Westminster Hiring Lobbyist to Revive 405 Freeway Fight
Posted by OC Insider on January 8, 2013
The Westminster City Council will vote tomorrow night on paying lobbying firm Townsend Public Affairs $5,000 a month for 6 months to try and get reconsideration of a previously rejected plan for widening the 405 Freeway.
Here’s how the agenda report describes the contract:
“The City of Costa Mesa has asked the cities of Westminster, Fountain Valley, Los Alamitos and Seal Beach to volunteer to share in the cost for the professional services of Townsend Public Affairs to date in the amount of $5,000 each.
The City of Costa Mesa has also informed the corridor cities coalition that they have retained Townsend Public Affairs for future services related to the I-405 Improvement Project. The work includes the following objectives: prevent the reconsideration, adoption and implementation of Alternative 3; stop the implementation of Alternative 1; and promote the adoption and implementation of Alternative 2 as the locally preferred alternative for the I-405 Improvement Project.
The future services are expected to be completed in approximately six months, or when Caltrans adopts the locally preferred alternative. At that time, the City of Costa Mesa will ask the cities of Westminster, Fountain Valley, Los Alamitos and Seal Beach to volunteer to share in the cost for these services for an amount not to exceed $5,000 each.”
Costa Mesa and Fountain Valley are also going to pay $5,000 per month, each, to hire Townsend for this effort, according to the agenda report.
A few weeks ago, the Westminster City Council members decided they could not afford a special election to allow residents to fill the vacancy created by Tri Ta being elected Mayor. But they think the financially distressed city, which has been laying off employees left and right can afford $5,000 a month to pay for Councilmember Diana Carey’s personal crusade. That’s on top of almost $13,000 the city has already paid to date to share costs with Costa Mesa for Townsend’s lobbying services on the 405.
The OCTA Board of Directors has already voted to recommend Alternative 1 to Caltrans, which makes the ultimate decision on the matter, sometime in the spring. Alternative 1 adds 1 general-purpose lane in each direction on the 405. Alternative 2 adds 2 general purpose lanes. Alternative 3 adds 1 general purpose lane and 1 toll-lane in each direction.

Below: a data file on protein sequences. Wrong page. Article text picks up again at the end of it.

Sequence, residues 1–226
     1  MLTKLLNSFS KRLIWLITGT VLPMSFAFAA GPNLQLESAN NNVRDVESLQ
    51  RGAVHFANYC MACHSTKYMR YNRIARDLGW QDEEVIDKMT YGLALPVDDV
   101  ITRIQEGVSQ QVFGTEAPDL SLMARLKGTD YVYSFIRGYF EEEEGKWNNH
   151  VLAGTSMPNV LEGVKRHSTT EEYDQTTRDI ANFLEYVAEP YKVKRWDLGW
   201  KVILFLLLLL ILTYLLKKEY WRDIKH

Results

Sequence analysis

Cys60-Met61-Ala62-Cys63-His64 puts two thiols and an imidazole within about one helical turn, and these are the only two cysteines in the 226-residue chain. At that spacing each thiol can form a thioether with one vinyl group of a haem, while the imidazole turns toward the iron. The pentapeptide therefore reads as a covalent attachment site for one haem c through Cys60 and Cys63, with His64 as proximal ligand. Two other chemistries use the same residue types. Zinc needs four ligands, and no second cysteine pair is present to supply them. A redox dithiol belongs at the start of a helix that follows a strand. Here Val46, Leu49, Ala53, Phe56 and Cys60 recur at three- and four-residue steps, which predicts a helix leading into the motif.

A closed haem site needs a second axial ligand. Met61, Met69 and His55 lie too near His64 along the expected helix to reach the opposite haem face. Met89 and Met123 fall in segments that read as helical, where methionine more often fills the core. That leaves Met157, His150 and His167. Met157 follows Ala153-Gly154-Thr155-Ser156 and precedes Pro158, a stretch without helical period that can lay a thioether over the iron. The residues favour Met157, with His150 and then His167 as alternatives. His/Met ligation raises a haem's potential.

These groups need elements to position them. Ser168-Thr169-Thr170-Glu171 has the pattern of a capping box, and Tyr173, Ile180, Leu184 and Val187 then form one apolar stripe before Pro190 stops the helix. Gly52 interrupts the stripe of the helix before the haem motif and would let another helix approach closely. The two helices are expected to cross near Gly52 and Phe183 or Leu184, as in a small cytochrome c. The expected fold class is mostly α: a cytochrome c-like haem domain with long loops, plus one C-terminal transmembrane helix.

To succeed, the OCTA Board would have to change its position and recommend Alternative 2 to Caltrans, instead of Alternative 1. There has been a lot of turn-over on the OCTA Board since it voted for Alternative 1, but that doesn’t mean the new directors want to re-open that can of worms.
But it is only taxpayers money, so why shouldn’t Diana Carey and Margie Rice spend it on a lobbying campaign with slim chance of success?
On the subject of the recently filled council vacancy, appointing Margie Rice was obviously planned in advance of the election. Rice could have run for council in November after she decided to not to run for re-election as mayor. Councilman Tri Ta, who she was backing, was a lock to be elected mayor, so Rice knew there’d be a vacancy.
Rice was already endorsing Sergio Contreras and Diana Cary for city council. She knew that if she ran for council, she would keep Carey from winning. But if she sat the election out, there’d be a vacancy on the council and if her slate won, they could put her back in office and spare her to expense and work of running a campaign.
Next time the City Council looks at approving more lay-off notices, they can tell the janitor getting a pink-slip that his livelihood is less important than paying for council members’ pet agendas. Too bad the voters won’t have a chance to be heard on this and other issues in a special election to fill the council vacancy that Margie Rice has filled for the benefit of her eternal political career.